Svartedauen i Norge: Ankomst, spredning, dødelighet

Ole Jørgen Benedictow

Sammendrag


The Black Deathââ¬â¢s history in Norway was first thoroughly discussed in my doctoral thesis of 1993, and then again in a new, revised and enlarged version in my general Norwegian plague history of 2002. In both cases, I argue for the new view that the Black Death first reached Oslo from south-eastern England in the autumn of 1348, but that the incipient epidemic was suppressed by cold winter weather and re-emerged in early spring around mid-April in a seasonal pattern typical of bubonic plague. Then it started spreading radially out of the town along the main roads from where it fanned out into the countryside. A new independent introduction in Bergen caused an outbreak in the second half of August from where the Black Death spread to western Norway, Trondheim and Trøndelag, while Stavanger, the south-western and southern regions were contaminated by contagion that had originated in Oslo. Earlier, it was generally assumed that the Black Death was introduced only in Bergen as stated in Icelandic Annals, that it spread over Norway from Bergen, and that it all took place in the subsequent part of 1349. For epidemiological reasons alone, this is an untenable account of the arrival and spread of the disease, implying impossible spread rates.
ââ¬âââ¬âââ¬âMy view on the Black Death was first challenged by H. Bjørkvik in a work of popular history in 1996 where he defended the earlier view that the Black Death was introduced only in Bergen, but argued for the new view that the epidemic spread in Ãstlandet in the winter and summer of 1350. In a paper by B. Lindanger published in 2004, this view was argued again and enlarged upon, now in relation to my new account in my Norwegian plague history. This paper is in focus of my discussion here. My crucial line of argument is based on the identification of the sources that can determine the year of the Black Death and indicate the spatio-temporal pattern of spread, namely (1) the Icelandic Lawmanââ¬â¢s Annal which relates in considerable detail about the Black Deathââ¬â¢s outbreak in Bergen and dates the whole epidemic in Norway to 1349, including the death of the bishop of Hamar in central Ãstlandet; (2) sources relating to the death of the bishop of Hamar in the Black Death and the institution of a new bishop, showing that the bishop must have died around 1 September 1349, which implies that the town was contaminated in early July; (3) King Magnusââ¬â¢ ââ¬Åopen letterââ¬Â to populations of Swedish dioceses from around 25 September 1349 about the resolutions made by the Council of the Realm in Lödöse (ââ¬ÅGothenburgââ¬Â) in order to protect Sweden from invasion by the Black Death that was raging ââ¬Åall overââ¬Â Norway and in Halland and was ââ¬Åon its way hitherââ¬Â, implying a concomitant nationwide epidemic in Norway and a time of the royal summons to the meeting about three weeks earlier. All three sources prove independently that the Black Death raged in central Ãstlandet in the autumn of 1349, the third also that it was approaching the borders of Sweden in early September. àà àThe sources show that in 1350 a broad political and social process of normalization was going on which demonstrably had begun in Oslo not later than November 1349. The fact that the Black Death raged in central and eastern parts of Ãstlandet around 1 September implies a time horizon of the epidemic to the effect that the spread out of Oslo started about mid-April. Since no ship from England could have arrived with the contagion six weeks earlier and contaminated the town, the contagion must have been introduced in the preceding autumn.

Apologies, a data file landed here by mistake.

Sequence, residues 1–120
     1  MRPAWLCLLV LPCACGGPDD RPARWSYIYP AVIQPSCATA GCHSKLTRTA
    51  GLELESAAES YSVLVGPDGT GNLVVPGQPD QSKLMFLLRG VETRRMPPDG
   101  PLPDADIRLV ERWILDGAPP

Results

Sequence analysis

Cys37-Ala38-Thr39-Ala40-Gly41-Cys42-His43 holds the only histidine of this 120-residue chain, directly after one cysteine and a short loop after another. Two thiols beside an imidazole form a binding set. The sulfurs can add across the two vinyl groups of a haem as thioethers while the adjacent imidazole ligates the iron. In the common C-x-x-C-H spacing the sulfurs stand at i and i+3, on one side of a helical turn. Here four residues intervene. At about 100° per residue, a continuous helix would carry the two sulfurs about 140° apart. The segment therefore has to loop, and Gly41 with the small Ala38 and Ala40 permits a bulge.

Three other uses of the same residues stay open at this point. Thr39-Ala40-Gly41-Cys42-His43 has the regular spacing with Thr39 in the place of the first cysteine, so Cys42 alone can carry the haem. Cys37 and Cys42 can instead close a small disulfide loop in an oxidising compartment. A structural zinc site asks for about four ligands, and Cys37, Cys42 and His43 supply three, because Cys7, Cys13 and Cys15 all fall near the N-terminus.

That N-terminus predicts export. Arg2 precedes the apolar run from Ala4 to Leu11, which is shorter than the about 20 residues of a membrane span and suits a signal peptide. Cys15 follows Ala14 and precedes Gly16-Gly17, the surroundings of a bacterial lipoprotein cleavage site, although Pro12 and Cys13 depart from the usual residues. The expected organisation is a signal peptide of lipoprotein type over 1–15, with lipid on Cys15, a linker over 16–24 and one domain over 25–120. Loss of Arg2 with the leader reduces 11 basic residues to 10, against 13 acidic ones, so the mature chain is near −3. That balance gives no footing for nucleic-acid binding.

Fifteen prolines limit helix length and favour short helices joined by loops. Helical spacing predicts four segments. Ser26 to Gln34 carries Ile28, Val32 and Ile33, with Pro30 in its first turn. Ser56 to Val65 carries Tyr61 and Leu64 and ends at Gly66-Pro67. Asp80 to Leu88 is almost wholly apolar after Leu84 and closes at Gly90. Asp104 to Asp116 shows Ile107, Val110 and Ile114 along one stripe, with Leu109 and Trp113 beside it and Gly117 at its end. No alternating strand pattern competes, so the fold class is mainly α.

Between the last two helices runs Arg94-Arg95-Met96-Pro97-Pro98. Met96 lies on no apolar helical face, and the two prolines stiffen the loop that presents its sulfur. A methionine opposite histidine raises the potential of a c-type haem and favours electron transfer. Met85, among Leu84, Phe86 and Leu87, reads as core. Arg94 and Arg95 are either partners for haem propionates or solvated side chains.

ââ¬âââ¬âââ¬âEstimates of maximum pre-plague population size are based on multiplication of number of tenancies and free holdings in operation before the Black Death with a household multiplier, making additions of about five per cent for those who lived outside peasant society. Lindanger argues on the basis of information of the seventeenth and eighteenth centuries that my household multiplier of 4.5 is too small and should be six persons. I present three independent ways of estimating average household size on the basis of medieval sources which all imply an average of 4.5 persons and population size of 300,000/350,000 persons dependent on size of territory. On the basis of mortality rates known from other parts of Europe, this allows to suggest that around 200,000 persons succumbed in the Black Death in Norway.
ââ¬âââ¬âââ¬âThe question of household size and population size is discussed more comprehensively in the Appendix: ââ¬ÅOn the average size of family, household, farmstead population and population size in Norway c. 1300-1670.ââ¬Â

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ISSN 2387-6700

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